Appraising the Limits of Pentecostal Political Power in Nigeria

In: Journal of Religion in Africa
Author: Femi J. Kolapo1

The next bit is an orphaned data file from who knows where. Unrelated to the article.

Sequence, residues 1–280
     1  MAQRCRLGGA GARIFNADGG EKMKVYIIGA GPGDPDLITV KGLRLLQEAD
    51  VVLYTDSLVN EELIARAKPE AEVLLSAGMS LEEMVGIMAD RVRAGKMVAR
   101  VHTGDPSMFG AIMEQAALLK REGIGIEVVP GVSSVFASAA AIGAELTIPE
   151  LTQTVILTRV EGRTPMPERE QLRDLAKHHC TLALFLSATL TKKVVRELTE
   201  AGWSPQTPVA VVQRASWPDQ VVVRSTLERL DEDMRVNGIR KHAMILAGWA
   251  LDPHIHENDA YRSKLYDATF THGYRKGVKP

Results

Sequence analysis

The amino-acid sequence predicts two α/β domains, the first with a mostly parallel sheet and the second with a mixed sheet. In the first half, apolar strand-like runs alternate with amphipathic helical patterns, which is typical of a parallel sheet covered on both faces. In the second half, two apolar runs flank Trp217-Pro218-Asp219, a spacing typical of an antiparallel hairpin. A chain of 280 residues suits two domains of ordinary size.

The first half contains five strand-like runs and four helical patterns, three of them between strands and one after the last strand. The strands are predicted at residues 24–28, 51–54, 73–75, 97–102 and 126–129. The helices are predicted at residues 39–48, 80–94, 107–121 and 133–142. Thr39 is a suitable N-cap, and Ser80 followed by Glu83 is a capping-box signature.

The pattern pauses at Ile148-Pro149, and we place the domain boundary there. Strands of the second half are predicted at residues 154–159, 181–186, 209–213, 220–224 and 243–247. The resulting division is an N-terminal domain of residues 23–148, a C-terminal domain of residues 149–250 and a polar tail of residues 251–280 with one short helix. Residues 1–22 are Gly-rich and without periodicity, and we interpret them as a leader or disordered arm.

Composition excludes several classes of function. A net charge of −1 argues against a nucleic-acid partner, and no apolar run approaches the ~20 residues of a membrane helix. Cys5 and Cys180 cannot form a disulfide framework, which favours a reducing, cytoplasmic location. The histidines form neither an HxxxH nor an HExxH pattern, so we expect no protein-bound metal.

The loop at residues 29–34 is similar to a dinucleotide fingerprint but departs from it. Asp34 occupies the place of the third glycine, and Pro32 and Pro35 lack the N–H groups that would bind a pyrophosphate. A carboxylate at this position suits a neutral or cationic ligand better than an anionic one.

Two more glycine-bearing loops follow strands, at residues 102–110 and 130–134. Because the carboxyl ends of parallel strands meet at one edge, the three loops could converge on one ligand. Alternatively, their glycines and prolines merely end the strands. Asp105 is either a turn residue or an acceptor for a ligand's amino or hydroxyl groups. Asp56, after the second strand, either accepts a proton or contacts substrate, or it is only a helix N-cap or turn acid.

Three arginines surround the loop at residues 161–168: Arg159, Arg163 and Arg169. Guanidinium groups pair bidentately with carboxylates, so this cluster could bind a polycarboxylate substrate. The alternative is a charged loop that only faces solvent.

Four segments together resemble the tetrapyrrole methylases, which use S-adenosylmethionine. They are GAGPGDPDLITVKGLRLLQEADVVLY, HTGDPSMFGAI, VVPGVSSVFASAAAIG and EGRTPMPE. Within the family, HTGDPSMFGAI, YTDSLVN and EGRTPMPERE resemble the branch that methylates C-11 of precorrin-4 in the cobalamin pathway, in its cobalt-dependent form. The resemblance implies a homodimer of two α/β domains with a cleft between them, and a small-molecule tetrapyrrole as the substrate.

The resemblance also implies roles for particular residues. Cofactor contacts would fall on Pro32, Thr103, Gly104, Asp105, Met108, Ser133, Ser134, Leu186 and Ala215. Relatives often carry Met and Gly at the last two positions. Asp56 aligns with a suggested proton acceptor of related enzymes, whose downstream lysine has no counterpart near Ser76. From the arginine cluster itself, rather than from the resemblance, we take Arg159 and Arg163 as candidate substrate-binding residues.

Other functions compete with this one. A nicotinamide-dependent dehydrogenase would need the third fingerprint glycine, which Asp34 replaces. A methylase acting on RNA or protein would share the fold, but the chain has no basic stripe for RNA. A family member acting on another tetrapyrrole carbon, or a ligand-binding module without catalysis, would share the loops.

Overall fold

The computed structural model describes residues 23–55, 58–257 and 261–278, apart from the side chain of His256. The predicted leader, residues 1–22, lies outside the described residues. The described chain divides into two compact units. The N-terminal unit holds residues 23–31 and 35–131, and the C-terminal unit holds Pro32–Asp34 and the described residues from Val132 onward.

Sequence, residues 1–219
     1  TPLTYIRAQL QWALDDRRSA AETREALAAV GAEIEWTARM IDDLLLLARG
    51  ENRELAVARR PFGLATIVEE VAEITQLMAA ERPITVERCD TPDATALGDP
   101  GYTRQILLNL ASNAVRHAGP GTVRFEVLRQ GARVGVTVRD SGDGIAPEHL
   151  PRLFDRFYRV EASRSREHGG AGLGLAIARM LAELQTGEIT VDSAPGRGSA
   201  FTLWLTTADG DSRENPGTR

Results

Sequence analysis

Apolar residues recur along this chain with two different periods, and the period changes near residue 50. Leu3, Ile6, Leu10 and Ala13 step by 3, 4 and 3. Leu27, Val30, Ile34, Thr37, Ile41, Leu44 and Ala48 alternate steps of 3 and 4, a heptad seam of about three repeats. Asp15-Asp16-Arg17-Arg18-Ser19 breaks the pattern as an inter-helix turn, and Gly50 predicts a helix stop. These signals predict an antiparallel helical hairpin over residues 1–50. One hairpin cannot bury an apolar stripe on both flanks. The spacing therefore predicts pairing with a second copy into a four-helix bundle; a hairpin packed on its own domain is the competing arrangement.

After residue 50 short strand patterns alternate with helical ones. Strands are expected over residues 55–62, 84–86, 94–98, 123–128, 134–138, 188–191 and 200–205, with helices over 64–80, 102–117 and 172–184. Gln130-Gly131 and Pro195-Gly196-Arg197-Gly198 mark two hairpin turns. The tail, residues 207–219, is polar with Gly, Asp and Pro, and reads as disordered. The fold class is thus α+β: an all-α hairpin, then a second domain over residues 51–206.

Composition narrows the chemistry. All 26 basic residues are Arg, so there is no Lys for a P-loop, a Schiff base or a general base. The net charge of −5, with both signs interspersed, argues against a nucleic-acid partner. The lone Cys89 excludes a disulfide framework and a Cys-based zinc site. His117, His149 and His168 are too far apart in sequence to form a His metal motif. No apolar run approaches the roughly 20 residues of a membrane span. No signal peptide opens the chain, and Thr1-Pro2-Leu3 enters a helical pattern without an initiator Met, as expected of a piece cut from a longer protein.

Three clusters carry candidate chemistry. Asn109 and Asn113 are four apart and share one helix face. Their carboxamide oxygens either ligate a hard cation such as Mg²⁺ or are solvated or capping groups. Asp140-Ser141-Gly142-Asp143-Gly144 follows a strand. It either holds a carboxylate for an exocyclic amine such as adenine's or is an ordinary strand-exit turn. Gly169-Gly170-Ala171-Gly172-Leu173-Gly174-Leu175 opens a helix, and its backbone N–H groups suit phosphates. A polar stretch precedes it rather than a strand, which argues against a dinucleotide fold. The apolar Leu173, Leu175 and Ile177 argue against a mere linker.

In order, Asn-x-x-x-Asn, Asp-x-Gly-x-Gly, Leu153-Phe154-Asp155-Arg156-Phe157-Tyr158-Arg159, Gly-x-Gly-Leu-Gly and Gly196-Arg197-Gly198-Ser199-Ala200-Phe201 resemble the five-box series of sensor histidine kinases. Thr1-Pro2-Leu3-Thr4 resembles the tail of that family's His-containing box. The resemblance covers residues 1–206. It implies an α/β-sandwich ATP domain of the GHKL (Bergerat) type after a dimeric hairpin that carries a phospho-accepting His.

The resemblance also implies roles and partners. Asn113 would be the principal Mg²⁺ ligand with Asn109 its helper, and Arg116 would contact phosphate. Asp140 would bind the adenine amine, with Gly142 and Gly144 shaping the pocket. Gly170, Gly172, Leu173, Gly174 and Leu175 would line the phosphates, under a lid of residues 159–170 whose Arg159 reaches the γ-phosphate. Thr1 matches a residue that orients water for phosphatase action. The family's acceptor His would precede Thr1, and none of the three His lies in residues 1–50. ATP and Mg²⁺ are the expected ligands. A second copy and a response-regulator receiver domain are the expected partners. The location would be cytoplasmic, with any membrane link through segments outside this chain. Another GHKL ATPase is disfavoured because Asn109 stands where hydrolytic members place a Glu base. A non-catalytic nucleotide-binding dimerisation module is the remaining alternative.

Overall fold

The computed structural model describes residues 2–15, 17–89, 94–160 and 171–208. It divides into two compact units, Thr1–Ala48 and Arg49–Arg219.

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Many studies of the Pentecostal movement in Africa have identified a modernist liberal tendency as its major characteristic. Its spread is associated with positive social, economic, and political impact in the affected countries. A Pentecostal revolution has been identified in Nigeria as well, with recent literature claiming that it has significant political import that packs modernizing and liberalizing tendencies. This interpretive analysis draws on less-mainstream research to contribute to questioning the political aspect of such conclusions for Nigeria. It argues that the capacity of the country’s Pentecostal movement to effect positive democratizing political change is not clear cut and straightforward, but rather bears major contradictions and paradoxes. Pentecostalism in Nigeria does not achieve a clean break from the traditional past, and some of its modernizing claims are more partial and contradictory than has been recognized. The political impact it has does not translate effectively to tangible significant political power that is able to facilitate the democratic process.

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